Keith Ward is a veteran technology journalist. He's been covering the IT space for nearly 20 years, and was the founding editor of Virtualization & Cloud Review magazine. He's also served as editor-in-chief for Redmond magazine and TechNet magazine, and worked in IT in the early Cretaceous Period.
Latest Posts (167)
We are now in the era of cloud-native application development. And while this new paradigm has incredible benefits in terms of time to market, efficiency, and more, it ramps up the complexity factor significantly. With dozens, hundreds, or thousands of microservices comprising an application, obs… Read More
“Network Element Virtualization”: It sounds impressive, doesn’t it? In fact, it is impressive, and this new technology from Algoblu can transform your network operations. As Edward Qin, Chief Product Officer for Algoblu, explains to ActualTech Media Partner/CEO Scott Lowe in this “Spotlig… Read More
In today’s modern IT infrastructure, it’s critical for enterprises to be able to a) store data both on- and off-premises, and b) move and manage that data effectively. It’s a cloud and edge computing world, after all, and data is at the center of it all. Buurst exists to help with both of t… Read More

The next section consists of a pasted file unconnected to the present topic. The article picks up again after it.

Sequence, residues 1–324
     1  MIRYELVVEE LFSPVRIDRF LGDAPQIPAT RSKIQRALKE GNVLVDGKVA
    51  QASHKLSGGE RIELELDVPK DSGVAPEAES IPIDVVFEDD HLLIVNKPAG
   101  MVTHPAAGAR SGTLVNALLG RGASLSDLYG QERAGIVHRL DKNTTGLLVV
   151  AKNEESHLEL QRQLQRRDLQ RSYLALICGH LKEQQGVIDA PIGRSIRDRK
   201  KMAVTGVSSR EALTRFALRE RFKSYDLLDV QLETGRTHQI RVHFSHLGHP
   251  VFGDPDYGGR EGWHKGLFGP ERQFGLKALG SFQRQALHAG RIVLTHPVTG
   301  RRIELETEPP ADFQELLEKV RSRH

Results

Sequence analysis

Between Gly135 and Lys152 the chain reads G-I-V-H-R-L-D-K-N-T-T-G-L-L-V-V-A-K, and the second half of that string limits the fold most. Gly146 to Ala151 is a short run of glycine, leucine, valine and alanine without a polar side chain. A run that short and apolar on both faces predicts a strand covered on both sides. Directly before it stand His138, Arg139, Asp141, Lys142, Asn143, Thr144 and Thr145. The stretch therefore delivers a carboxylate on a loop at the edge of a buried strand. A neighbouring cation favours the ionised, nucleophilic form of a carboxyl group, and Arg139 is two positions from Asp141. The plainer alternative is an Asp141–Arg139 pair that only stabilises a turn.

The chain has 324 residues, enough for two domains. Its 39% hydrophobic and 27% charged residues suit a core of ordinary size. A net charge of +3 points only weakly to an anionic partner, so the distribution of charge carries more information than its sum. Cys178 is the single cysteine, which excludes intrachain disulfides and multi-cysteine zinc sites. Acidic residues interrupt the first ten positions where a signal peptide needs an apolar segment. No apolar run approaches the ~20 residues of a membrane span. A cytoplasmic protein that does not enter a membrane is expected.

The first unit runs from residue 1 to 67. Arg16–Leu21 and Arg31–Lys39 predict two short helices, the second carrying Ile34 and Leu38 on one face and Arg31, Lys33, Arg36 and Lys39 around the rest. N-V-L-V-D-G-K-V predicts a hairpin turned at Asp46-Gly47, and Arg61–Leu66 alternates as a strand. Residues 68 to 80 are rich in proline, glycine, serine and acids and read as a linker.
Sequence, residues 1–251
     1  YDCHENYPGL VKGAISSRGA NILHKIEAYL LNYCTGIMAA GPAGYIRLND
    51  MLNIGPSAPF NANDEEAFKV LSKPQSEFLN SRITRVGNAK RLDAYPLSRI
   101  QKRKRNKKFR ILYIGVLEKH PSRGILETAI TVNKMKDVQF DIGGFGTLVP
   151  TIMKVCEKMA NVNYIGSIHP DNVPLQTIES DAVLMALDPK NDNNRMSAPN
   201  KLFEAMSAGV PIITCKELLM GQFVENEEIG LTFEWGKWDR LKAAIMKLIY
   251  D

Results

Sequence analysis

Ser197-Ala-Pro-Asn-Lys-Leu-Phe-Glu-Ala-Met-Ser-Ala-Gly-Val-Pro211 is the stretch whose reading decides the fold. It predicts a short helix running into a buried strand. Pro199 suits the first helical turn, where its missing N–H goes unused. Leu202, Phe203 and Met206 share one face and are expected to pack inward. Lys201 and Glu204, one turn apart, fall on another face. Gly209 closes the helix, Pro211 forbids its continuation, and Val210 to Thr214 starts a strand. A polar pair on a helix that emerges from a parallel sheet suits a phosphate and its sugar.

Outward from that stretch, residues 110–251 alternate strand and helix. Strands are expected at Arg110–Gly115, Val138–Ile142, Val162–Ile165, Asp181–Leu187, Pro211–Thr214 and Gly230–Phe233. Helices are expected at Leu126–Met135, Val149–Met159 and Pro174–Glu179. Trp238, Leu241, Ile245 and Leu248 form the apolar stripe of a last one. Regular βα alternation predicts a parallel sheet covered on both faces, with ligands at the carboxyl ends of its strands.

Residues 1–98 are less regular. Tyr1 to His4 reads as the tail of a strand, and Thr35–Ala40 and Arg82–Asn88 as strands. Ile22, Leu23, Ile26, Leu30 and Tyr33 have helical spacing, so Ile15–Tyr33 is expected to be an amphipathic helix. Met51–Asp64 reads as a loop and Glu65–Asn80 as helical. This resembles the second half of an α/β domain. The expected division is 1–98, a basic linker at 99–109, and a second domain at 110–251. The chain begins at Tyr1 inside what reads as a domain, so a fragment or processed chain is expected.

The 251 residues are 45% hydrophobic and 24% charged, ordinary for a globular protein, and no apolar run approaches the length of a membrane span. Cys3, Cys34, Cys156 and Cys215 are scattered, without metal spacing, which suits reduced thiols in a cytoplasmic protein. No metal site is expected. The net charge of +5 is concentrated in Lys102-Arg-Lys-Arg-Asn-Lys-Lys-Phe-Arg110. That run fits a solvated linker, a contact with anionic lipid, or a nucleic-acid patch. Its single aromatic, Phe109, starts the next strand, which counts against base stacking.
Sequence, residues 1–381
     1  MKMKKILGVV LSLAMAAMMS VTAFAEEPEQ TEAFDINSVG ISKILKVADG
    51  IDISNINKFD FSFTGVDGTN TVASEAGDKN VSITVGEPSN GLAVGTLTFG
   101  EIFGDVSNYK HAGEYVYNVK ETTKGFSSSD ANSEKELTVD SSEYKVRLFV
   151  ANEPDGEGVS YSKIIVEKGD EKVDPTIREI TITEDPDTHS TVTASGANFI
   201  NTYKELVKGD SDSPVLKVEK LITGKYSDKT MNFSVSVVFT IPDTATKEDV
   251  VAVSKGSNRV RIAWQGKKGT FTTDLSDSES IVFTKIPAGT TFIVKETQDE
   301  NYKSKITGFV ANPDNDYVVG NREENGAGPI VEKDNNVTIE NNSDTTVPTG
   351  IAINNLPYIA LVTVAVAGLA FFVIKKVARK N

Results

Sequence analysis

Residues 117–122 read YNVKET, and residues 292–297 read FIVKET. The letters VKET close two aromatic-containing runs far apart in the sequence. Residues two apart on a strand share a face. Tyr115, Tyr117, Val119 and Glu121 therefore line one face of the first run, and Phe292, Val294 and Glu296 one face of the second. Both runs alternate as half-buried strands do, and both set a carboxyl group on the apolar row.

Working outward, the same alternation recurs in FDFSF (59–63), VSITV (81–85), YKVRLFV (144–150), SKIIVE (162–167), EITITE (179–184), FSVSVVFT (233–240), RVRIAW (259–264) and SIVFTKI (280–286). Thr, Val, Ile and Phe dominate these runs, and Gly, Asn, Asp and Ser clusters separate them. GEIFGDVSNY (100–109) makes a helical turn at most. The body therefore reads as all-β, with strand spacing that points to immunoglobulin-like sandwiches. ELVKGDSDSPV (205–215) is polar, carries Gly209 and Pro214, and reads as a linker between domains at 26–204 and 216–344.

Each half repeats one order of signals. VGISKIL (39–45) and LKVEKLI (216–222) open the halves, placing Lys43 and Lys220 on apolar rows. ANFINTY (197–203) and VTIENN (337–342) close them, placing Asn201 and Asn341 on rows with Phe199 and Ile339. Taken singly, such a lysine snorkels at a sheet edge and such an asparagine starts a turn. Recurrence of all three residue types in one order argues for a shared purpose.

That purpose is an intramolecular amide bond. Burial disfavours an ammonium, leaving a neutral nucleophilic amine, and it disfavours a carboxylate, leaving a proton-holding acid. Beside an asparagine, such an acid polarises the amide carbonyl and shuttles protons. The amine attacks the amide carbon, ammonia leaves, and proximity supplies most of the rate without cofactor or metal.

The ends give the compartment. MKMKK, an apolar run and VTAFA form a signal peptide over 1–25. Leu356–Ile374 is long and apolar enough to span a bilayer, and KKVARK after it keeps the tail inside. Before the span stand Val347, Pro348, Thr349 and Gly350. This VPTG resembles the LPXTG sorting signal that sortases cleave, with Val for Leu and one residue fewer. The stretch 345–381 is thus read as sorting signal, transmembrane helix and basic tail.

Sure, you can use a free, vendor-supplied utility to upload data from your on-premises environment to the cloud. But should you? That’s a question you can answer with a hearty “you betcha!” if you’re using Datadobi. That’s because Datadobi has a “maniacal focus on data integrity,” S… Read More
Managing storage for containers and Kubernetes is a challenge, as every admin knows. But does it have to be as difficult as it is? ionir doesn’t think so. In this “Spotlight Series” video, Kirby Wadsworth, Chief Marketing Officer for ionir, discusses his company’s storage and data managem… Read More
Believe it or not, there was a time when virtualizing servers was hard. Not so much anymore. In a way, that’s where we are with databases in the public cloud. It’s hard, and it can be intimidating to make the switch. When we look back in a few years, though, we may wonder why it seemed so har… Read More